Do you love the color pink enough to consume bugs in order to have pink food or drinks? Well Starbucks, and many other food retailers, think the pink is important enough to sneak crushed-up beetles into your consumables for the purpose of, ironically, making them seem more appetizing. That’s right, if you are in love with any of Starbucks strawberry-based drinks, such as the Strawberries and Creme frappuccino and strawberry smoothie, as well as their popular Birthday Cake Pop, mini donuts with icing and Red Velvet Whoopee Pie, you have been consuming bugs. The change to crushed bugs came just recently as they aimed to move away from artificial ingredients, such as red dye, and decided that bugs were more natural. While their thoughts were in the right place, the execution was less than thrilling to most.
While Starbucks seems to be baring the brunt of backlash against this buggy ingredient, the fact is that this ingredient, called cochineal extract, is used in many pink and red-based food and beverages, and has been for decades. Most rainbow sprinkles contain cochineal extract, as well as a vast majority of pink confections on the markets. Foods and beverages that some may be surprised to find out contain crushed beetles include:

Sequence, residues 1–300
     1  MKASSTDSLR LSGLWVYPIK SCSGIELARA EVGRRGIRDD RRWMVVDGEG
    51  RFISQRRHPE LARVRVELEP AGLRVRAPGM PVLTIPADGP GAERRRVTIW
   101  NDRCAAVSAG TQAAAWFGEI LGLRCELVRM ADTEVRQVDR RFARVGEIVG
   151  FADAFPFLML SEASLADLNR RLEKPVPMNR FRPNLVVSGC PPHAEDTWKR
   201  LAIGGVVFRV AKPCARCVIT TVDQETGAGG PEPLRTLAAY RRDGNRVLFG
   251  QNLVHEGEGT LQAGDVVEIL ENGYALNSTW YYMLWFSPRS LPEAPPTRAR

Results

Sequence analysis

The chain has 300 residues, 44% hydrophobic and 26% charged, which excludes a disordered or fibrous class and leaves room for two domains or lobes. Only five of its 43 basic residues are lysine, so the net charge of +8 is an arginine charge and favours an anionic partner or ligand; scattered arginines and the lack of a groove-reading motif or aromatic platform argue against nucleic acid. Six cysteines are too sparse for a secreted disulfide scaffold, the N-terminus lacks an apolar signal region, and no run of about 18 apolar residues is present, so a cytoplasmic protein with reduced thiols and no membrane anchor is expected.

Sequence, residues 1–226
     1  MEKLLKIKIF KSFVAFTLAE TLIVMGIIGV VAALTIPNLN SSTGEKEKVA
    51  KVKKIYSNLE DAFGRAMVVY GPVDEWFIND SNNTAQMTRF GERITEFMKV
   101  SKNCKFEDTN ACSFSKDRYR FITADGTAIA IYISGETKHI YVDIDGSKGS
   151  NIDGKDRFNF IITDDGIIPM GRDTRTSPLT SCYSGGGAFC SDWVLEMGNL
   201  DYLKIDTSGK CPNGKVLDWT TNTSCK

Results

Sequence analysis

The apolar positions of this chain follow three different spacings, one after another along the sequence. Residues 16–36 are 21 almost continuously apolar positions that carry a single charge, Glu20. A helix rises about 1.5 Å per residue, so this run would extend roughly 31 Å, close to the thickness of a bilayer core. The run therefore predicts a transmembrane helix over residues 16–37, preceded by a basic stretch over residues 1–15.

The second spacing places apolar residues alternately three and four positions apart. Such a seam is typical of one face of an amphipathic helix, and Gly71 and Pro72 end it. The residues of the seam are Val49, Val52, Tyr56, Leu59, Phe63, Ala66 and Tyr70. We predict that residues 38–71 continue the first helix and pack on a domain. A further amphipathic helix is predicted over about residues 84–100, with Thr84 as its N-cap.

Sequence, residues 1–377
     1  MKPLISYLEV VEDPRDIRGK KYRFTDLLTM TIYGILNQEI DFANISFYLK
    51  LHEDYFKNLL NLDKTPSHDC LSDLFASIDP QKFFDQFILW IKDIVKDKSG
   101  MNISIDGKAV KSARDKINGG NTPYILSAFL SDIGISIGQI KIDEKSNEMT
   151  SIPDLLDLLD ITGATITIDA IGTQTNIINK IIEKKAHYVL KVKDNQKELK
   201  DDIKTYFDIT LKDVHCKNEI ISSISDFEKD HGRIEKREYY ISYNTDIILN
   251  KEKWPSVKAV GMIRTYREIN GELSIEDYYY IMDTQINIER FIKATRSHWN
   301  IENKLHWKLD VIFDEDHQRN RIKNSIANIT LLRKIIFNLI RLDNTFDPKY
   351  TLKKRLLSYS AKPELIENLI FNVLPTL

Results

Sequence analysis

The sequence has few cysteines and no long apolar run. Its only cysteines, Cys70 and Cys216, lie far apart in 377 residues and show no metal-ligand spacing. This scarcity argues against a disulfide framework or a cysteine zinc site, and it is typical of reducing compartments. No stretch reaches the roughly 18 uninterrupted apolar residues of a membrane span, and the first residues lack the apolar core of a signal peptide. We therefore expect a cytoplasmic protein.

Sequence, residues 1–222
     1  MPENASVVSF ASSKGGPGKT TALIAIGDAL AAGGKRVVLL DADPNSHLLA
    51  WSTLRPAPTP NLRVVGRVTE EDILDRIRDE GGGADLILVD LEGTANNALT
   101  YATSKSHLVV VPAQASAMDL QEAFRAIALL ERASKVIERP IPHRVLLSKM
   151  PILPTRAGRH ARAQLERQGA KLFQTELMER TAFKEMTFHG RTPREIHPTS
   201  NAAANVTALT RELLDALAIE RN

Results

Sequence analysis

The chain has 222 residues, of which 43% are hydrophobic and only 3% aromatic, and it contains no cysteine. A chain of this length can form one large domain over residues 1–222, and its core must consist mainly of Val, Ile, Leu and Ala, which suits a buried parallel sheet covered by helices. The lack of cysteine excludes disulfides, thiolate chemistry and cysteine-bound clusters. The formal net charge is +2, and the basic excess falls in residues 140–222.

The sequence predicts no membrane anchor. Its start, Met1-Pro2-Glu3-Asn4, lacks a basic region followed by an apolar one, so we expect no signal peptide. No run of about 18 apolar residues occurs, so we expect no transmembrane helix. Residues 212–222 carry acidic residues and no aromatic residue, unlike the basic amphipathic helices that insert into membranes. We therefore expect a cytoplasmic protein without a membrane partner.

- Minute Maid Fruit Drink
- Good N’ Fruity & Good N’ Plenty
- Pixy Stix
- Mentos Candy and Chewing Gum (which, by the way, also contain beef)
- Dole Fruit ‘n’ Gel Bowls
- Dole Fruit Jars
The good news is that the FDA recently made it mandatory that foods containing cochineal extract specifically state as much on their ingredients list. They began receiving reports of allergic reactions in those who unknowingly consumed the bugs, including severe reactions such as anaphylaxis. While many have known for years that cochineal is used in cosmetics, such as red lipstick, to give them their red hue, many less savvy consumers were horrified to learn that they were consuming bugs. Those who are aiming to make sure that they stay bug clean in their diet should scan ingredients lists for either “cochineal extract” or “carmine”.
The other piece of good news is that Starbucks has announced that as of June 2012, the cochineal extract will be replaced with lycopene extract, a tomato derivative. Drop them a line and let them know that you appreciate them acting so swiftly to rid their beverages of bugs!